Since we reported on the introduction of Australian modern slavery legislation in August 2018, there have been a number of developments.

The Modern Slavery Act 2018 (Cth) (Cth Act) came into force on 1 January 2019 and requires eligible entities to submit their first modern slavery statement within 6 months of the end of the first financial year starting after 1 January 2019.

Meanwhile, the commencement of the Modern Slavery Act 2018 (NSW) (NSW Act), which was expected to come into force on 1 July 2019, has been delayed.

Cth Act

The Cth Act applies to businesses and organisations carrying on business in Australia with an annual turnover of at least AU$100 million (Cth Reporting Entities). It requires Cth Reporting Entities to publish an annual modern slavery statement identifying the risks of modern slavery in their supply chains and operations as well as the steps taken to address those risks.

Cth Reporting Entities must submit modern slavery statements to the Department of Home Affairs within six months of the end of their financial years.

In order to assist reporting entities comply with their obligations under the Cth Act, the Department of Home Affairs has released draft guidance for reporting. Stakeholders were invited to provide submissions on the draft guidance by 19 May 2019. At the time of writing, the Department of Home Affairs has not released an expected release date for the final guidance.

Although there is no prescribed form for reporting, there are seven mandatory matters which must be addressed in Cth modern slavery statements. They are:

  1. The identity of the reporting entity.
  2. A description of the reporting entity's structure, operations and supply chains.
  3. A description of the risks of modern slavery practices in the operations and supply chains of the reporting entity and any entities it owns or controls.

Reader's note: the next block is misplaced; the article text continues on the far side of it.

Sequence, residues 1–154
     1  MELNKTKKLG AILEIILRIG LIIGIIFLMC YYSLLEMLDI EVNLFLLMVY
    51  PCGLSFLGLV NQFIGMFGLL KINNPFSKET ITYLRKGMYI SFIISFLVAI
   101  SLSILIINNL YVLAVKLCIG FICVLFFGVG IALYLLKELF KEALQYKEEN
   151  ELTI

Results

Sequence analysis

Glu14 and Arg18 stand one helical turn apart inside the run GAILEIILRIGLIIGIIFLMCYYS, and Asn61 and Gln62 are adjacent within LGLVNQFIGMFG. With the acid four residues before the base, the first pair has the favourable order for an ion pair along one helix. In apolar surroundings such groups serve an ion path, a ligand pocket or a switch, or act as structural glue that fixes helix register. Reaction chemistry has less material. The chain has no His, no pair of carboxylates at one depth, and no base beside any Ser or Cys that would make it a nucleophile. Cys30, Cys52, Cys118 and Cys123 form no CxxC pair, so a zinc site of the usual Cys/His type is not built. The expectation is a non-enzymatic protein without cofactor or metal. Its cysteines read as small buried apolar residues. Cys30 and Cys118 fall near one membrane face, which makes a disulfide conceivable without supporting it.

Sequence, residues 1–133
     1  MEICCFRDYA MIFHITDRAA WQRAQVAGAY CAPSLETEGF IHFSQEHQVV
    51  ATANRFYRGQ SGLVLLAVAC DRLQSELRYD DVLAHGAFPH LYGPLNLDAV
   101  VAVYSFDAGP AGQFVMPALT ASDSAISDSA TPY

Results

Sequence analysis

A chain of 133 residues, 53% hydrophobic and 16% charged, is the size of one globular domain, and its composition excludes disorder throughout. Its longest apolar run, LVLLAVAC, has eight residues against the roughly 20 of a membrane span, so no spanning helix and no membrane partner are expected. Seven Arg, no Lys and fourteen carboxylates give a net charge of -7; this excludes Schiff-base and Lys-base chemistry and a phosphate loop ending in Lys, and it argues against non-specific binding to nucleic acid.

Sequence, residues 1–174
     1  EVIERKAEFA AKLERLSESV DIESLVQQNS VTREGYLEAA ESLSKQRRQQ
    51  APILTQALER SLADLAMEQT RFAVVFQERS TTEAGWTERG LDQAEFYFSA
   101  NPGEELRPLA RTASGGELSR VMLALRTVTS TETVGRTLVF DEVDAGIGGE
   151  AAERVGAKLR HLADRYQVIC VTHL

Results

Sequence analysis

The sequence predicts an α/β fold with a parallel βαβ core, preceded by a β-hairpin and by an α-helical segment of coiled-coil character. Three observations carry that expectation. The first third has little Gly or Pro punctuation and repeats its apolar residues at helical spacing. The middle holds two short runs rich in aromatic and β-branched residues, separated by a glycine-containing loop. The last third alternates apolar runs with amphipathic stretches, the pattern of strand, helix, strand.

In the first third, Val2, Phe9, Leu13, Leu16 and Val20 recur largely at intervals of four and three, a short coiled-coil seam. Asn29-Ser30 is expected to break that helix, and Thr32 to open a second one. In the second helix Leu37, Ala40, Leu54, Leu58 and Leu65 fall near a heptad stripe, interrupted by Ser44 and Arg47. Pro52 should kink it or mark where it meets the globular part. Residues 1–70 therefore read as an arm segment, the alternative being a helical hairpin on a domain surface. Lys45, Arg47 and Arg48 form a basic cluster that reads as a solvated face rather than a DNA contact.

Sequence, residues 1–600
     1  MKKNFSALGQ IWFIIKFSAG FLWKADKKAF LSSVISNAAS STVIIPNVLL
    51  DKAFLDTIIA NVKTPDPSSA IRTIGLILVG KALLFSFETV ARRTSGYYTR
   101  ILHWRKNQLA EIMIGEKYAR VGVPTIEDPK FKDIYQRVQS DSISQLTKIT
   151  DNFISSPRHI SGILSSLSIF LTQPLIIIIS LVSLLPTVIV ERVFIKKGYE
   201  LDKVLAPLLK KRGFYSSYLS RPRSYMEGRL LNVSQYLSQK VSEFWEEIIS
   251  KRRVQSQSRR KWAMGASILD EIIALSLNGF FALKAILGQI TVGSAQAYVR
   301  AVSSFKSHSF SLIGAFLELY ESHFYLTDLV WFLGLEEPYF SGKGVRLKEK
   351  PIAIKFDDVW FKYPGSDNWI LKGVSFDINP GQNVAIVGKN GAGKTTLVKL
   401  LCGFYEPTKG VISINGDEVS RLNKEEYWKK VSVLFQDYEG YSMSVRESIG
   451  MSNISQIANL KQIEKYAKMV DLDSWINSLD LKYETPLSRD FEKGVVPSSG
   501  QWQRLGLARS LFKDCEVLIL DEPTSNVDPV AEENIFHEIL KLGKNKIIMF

4. A description of the actions taken by the reporting entity and any entities it owns or controls to assess and address these risks, including due diligence and remediation processes.
  5. A description of how the reporting entity assesses the effectiveness of these actions.
  6. A description of the process of consultation with any entities the reporting entity owns or controls (a joint statement must also describe consultation with the entity giving the statement).
  7. Any other relevant information.


The NSW Act applies to businesses and organisations with employees in NSW that supplies goods and services for profit or gain and has a total turnover of not less than AU$50 million in a financial year.

The NSW Act was debated in Parliament in June and has been referred to the Standing Committee on Social Issues for an inquiry and report. The date of the report is yet to be fixed. As a result, the NSW Act is unlikely to commence any time soon and when it does, it may be in a different form.

This development comes in the wake of Special Minister of State, Don Harwin, telling Parliament he had received advice from the Department of Premier and Cabinet that "...the legislation in its current form contains a number of defects requiring urgent attention," adding that "...the consequence of those defects are such that if left unattended they would render some provisions of the Act inoperable."

The details of the 'defects' were not disclosed but it is understood they relate to State and Federal inconsistencies, leaving the NSW Act open to constitutional challenge.

How should reporting entities respond?

Cth Reporting Entities must be aware that the delay in the NSW Act's commencement does not affect their obligations under the Cth Act. As such, Cth Reporting Entities should already have in place a framework to comply with the Cth Act that is consistent with the draft guidance.

While awaiting the outcome of the Standing Committee on Social Issues report, organisations captured by the NSW Act should take initial steps to identify and respond to modern slavery risks in their supply chain.

Dentons can assist organisations comply with their obligations in a number of ways, including:

  • Conducting audits of supply chains.
  • Creating internal policies and corporate governance guidelines regarding modern slavery.
  • Reviewing and updating procurement contracts.
  • Reviewing draft modern slavery statements to ensure they are compliant.

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